Amistad is one of south Texas’ most famous reservoirs – the other being Falcon. Though it’s not the juggernaut that it was in the not too distant past, Amistad is still an incredible tournament fishery, with room to spread out and plenty of grass and rocky structure to target for big giant wintertime bass. READ MORE »

2019 Rookie Rundown

2019 Rookie Rundown

No matter how you get to the FLW Tour, you’re only a rookie once. This year, 34 pros are taking their talents on Tour for the first time. READ MORE »

How to Catch Winter Spotted Bass

How to Catch Winter Spotted Bass

Some of the best fishing of the year in the South occurs on the reservoirs with spotted bass in Georgia and the Carolinas. As a guide on Lake Lanier, FLW Tour pro Rob Jordan is adept at staying on the spots all winter. He knows when to fish deep or go shallow, and how to apply a jigging spoon, jig, underspin and crankbait to take full advantage of the opportunities. READ MORE »

Rookie Profile: Ron Nelson  

Rookie Profile: Ron Nelson  

While plenty of the Tour’s new pros have impressive resumes, few boast records as well-rounded and superlative as Ron Nelson’s. After years of success at the Costa FLW Series level, it’s finally time to see what the Michigan angler can do against the best in the nation.   READ MORE »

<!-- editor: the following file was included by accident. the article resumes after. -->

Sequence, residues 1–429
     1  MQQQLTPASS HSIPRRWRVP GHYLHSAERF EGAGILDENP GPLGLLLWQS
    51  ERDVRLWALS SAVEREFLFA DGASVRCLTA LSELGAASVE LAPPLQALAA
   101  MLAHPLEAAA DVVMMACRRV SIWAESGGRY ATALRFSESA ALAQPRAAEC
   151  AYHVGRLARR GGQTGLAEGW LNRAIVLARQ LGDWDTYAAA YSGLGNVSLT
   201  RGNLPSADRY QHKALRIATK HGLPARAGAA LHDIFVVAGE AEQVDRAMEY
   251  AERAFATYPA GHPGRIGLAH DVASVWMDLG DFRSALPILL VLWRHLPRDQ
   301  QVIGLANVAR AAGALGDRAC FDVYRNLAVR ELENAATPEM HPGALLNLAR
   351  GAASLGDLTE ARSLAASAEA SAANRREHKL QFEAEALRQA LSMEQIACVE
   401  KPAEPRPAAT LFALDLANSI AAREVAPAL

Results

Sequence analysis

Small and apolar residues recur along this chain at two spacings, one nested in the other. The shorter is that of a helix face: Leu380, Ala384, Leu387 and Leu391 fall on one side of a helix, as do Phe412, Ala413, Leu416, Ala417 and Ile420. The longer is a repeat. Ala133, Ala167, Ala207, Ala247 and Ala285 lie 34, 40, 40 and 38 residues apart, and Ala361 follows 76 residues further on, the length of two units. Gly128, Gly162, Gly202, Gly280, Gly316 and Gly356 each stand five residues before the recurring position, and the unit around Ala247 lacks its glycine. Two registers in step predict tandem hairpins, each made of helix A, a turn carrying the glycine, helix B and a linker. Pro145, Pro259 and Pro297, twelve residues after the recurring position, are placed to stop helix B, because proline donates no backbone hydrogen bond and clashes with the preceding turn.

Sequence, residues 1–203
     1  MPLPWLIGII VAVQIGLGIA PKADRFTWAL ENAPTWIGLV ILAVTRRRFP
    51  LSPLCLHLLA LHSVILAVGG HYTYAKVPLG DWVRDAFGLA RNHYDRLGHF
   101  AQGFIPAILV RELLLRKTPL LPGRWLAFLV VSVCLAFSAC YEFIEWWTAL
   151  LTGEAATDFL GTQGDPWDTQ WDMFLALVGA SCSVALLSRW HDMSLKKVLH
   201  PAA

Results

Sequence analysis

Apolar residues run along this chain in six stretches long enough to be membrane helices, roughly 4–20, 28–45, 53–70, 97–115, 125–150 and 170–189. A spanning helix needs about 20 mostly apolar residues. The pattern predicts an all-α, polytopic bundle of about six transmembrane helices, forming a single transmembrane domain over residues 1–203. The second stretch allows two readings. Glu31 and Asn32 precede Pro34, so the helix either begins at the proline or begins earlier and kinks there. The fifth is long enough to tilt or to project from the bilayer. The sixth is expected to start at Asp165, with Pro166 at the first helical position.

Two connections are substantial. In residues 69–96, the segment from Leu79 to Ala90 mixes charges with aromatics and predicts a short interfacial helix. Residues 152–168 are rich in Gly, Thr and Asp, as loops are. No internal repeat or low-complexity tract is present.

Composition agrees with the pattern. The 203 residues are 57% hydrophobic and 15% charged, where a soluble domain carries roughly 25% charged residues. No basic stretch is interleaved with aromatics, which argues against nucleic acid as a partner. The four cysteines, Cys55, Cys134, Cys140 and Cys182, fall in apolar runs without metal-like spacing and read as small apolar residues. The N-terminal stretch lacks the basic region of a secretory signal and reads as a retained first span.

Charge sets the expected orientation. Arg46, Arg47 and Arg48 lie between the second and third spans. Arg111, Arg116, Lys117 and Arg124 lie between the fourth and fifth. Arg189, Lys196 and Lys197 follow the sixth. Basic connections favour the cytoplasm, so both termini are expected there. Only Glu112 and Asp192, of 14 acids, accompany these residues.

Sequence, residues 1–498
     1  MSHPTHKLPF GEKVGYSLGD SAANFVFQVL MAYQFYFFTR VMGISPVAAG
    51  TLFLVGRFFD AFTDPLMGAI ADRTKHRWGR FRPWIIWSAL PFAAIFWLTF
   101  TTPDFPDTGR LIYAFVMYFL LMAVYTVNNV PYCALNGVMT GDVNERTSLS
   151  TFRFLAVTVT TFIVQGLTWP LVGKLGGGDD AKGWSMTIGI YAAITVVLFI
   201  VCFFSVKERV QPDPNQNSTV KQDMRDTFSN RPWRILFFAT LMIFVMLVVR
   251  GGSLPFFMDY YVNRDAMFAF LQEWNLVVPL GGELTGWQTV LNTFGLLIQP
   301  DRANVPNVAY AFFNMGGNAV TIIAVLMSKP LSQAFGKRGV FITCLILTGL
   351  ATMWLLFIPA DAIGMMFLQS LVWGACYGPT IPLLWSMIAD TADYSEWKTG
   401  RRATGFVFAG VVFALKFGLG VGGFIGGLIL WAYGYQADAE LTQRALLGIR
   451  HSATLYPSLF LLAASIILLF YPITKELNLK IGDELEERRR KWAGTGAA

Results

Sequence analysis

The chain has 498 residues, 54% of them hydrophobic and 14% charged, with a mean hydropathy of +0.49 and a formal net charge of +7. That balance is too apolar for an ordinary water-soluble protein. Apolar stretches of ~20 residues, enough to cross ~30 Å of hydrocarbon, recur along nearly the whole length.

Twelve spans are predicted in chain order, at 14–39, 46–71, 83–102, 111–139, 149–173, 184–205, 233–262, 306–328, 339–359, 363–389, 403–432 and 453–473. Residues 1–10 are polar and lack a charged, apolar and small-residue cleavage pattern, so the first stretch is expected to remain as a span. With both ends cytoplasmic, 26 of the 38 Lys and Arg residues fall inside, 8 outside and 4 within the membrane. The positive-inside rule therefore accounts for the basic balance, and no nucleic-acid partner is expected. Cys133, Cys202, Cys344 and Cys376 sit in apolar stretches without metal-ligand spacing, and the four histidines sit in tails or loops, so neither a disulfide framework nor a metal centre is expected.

How to Fish Umbrella Rigs for Bass

How to Fish Umbrella Rigs for Bass

Castable umbrella rigs, also called Alabama rigs or A-rigs, were first deployed in tournament bass fishing by Paul Elias in the 2011 FLW Tour Open on Lake Guntersville. Since then, they’ve garnered a lot of controversy and caught a lot of bass. READ MORE »

Sinking a Staysee for Winter Bass

Sinking a Staysee for Winter Bass

Fishing late and early in the season is often challenging. Because the water is cold, it can take a lot more patience to find fish or to coax them into biting. If you truly want to put your patience to the test, you might consider fishing a jerkbait ultra-slow. If you want to try for superhuman patience, you might want to fish a jerkbait like Cody Murray. READ MORE »

Hallman’s 5 Go-To Baits for New Lakes

Hallman’s 5 Go-To Baits for New Lakes

Deciding how best to figure things out on a new lake is one of the toughest challenges Tour pros and regular anglers alike encounter. Sometimes familiarity with the style of lake makes it easy, but other times you eventually need to stretch well outside of your comfort zone. Bradley Hallman has had success all over the country, and he’s got a stable of baits that he likes to rely on early in the process of breaking down a new lake. Your starting baits might be a little different, but Hallman’s approach to new water is worth considering. READ MORE »

Review: Graph Glass

Review: Graph Glass

Graph Glass is a tempered screen protector that you can self-install on the most popular models of fishing electronics. For about $45 to $60 per unit, it protects the screen from flying tungsten or other projectiles, and there are other benefits as well. As far as I can tell, it’s a real winner of a product. READ MORE »